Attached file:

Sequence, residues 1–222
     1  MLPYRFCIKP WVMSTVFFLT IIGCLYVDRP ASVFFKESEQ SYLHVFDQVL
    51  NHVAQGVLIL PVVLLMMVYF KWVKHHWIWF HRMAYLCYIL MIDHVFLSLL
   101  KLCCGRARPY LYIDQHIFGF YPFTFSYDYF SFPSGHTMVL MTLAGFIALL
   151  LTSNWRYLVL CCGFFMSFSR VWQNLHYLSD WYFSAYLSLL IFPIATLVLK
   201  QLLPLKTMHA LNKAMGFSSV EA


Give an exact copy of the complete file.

Sequence, residues 1–222
     1  MLPYRFCIKP WVMSTVFFLT IIGCLYVDRP ASVFFKESEQ SYLHVFDQVL
    51  NHVAQGVLIL PVVLLMMVYF KWVKHHWIWF HRMAYLCYIL MIDHVFLSLL
   101  KLCCGRARPY LYIDQHIFGF YPFTFSYDYF SFPSGHTMVL MTLAGFIALL
   151  LTSNWRYLVL CCGFFMSFSR VWQNLHYLSD WYFSAYLSLL IFPIATLVLK
   201  QLLPLKTMHA LNKAMGFSSV EA